Your Opinion: Consider the prospects of an energy shutdown

Dear Editor:

With the Carnival cruise ship Triumph in the news, as a result of a fire in their engine room causing a loss of power that left the ship stranded for several days, has anybody considered what a loss of power to our homes in Jefferson City would like? Would the citizens of Jefferson City act any differently than the citizens on board the Triumph?

Back in 2007, my wife and I experienced a similar power loss to our home for three days. While the power loss wasn’t all inclusive, it was an inconvenience to our neighborhood. We had hot water as our water heater was powered by natural gas. We had a wood burning fireplace which we were able to heat a portion of our home. We would take a hot shower, dry off rather quickly as it was cold in the house. At night we put additional blankets on our bed, like they did in the olden days, and had a reasonable night’s sleep. Each morning we would take a small TV and breakfast stuff to our church for a warm meal and catch up on the news on our nine-inch TV. We were lucky in that while we lost power at our home, power was available to other places of business, and some of our friends had power and invited us to their homes for meals or even to stay the night.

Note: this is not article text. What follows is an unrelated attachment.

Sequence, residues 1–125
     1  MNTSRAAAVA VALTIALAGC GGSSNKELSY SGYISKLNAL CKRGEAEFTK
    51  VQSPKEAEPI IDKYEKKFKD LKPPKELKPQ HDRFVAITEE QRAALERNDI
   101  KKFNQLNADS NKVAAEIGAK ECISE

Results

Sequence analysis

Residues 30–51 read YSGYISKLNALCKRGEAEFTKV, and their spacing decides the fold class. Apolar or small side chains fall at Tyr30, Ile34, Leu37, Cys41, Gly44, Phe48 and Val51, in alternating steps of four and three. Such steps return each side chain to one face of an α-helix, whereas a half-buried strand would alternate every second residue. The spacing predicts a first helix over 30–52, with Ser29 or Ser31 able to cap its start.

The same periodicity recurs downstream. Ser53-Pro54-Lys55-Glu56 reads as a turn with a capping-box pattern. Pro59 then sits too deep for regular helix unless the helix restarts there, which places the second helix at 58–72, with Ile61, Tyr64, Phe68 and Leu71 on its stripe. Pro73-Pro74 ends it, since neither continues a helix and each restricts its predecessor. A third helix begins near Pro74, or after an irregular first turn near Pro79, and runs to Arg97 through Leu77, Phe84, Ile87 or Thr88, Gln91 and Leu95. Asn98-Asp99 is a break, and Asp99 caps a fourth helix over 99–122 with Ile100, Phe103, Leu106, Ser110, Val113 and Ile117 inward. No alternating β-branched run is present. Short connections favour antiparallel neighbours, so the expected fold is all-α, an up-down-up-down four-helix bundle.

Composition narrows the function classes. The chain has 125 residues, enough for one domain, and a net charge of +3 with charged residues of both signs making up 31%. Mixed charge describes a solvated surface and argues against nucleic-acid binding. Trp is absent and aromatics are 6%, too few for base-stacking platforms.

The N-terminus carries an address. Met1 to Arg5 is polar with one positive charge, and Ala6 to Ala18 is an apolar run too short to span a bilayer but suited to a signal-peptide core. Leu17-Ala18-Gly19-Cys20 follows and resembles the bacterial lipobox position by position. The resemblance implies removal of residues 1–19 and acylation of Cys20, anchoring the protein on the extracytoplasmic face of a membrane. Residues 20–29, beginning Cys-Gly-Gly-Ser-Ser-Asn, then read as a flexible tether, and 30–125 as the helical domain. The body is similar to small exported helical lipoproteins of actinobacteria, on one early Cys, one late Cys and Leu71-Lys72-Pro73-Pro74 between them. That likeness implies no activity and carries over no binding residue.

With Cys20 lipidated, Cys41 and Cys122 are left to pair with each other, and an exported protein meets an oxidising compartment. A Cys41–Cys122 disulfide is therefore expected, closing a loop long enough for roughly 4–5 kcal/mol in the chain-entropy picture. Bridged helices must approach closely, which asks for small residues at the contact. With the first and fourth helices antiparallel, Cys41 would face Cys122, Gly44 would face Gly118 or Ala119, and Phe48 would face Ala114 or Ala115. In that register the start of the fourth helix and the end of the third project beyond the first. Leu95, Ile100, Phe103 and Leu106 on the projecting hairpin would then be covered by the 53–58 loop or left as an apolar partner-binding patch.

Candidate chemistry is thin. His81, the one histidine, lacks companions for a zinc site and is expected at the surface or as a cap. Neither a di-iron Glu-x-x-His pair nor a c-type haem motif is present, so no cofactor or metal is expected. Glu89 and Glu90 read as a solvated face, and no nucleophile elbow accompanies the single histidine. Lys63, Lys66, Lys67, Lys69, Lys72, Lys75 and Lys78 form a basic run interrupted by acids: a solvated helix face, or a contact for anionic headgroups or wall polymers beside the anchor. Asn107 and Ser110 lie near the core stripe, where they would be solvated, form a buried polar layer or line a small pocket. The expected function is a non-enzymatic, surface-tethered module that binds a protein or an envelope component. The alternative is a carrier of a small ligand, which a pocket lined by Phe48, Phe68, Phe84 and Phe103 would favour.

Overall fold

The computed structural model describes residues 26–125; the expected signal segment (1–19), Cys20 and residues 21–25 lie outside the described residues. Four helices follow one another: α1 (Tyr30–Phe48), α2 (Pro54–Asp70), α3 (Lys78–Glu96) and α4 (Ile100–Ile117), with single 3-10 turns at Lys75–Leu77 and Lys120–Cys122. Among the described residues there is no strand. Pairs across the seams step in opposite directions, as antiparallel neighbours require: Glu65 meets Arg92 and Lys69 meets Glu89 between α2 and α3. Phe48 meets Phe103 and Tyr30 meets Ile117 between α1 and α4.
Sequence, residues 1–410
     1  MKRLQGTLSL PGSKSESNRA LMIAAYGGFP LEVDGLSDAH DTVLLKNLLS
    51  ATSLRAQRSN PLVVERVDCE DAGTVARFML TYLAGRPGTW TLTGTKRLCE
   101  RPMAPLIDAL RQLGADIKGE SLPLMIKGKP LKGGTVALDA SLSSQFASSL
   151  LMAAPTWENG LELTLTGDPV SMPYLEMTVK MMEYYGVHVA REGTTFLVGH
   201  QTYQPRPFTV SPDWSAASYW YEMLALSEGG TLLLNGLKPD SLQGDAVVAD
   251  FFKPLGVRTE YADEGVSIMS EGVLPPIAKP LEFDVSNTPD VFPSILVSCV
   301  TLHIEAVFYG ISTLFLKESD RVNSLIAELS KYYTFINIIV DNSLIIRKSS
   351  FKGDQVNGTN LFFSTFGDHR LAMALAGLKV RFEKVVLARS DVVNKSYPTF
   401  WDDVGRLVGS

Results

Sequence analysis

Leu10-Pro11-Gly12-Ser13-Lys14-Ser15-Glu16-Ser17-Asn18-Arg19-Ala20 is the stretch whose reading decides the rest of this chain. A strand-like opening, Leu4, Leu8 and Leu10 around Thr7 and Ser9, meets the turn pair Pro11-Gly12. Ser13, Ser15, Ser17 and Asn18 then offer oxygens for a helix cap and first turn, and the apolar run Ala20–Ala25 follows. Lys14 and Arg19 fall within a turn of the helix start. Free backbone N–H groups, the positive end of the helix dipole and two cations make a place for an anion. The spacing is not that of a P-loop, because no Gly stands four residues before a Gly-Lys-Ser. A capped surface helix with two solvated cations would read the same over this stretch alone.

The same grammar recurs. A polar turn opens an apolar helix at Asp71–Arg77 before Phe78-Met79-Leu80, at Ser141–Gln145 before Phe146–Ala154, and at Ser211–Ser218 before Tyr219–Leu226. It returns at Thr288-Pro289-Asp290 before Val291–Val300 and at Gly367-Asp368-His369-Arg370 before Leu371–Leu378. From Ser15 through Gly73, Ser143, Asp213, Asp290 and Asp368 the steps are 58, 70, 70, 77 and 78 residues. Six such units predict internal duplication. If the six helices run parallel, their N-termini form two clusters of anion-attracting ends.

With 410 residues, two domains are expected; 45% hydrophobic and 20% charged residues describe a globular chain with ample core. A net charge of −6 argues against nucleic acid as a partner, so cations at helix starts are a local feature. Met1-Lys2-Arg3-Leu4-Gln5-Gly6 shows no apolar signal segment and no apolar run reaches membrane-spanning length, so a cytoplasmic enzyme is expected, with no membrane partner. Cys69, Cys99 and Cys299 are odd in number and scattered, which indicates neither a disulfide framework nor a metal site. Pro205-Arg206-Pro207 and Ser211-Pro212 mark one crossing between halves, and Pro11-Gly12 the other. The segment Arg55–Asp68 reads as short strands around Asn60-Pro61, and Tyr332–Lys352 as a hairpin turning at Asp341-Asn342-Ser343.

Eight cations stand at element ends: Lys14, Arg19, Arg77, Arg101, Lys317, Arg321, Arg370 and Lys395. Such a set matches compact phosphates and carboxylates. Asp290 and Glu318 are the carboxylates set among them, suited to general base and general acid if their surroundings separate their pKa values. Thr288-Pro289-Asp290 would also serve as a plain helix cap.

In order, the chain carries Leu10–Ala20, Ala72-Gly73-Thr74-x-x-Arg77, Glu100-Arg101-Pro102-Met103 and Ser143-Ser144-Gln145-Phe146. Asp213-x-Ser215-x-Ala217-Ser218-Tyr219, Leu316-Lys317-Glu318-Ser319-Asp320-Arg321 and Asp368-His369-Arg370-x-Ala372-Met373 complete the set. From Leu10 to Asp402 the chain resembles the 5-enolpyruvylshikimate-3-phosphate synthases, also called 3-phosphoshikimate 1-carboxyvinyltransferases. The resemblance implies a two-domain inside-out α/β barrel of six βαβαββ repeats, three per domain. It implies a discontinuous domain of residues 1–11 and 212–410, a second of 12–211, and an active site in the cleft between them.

That isn’t what was experienced on board the Triumph, however. What would it be like if all power was lost to the entire city such that the water plant couldn’t pump water to our homes, which means not only would you not be able to take a bath or shower but the toilets would not flush either, as the water could not get to your house? What if the power loss was statewide rather than just Jefferson City? Now you couldn’t go to mom’s house for a hot meal of a hot shower.

If the environmental crowd gets their way, this is a likely outcome when coal or nuclear electrical generation plants are shutdown, because they are not “environmentally friendly” options for generating electricity, according to these highly enlightened individuals.

With our electric utilities doing everything they can to continue to generate the safe and reliable electricity we need, the likelihood of this happening is remote, but still a possibility.

Think about it.

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